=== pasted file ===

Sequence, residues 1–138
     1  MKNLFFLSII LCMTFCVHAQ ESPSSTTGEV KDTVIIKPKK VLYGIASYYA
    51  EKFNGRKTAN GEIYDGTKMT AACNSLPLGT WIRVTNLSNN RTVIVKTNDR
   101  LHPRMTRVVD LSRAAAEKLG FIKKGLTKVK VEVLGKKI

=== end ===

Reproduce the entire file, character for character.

Sequence, residues 1–138
     1  MKNLFFLSII LCMTFCVHAQ ESPSSTTGEV KDTVIIKPKK VLYGIASYYA
    51  EKFNGRKTAN GEIYDGTKMT AACNSLPLGT WIRVTNLSNN RTVIVKTNDR
   101  LHPRMTRVVD LSRAAAEKLG FIKKGLTKVK VEVLGKKI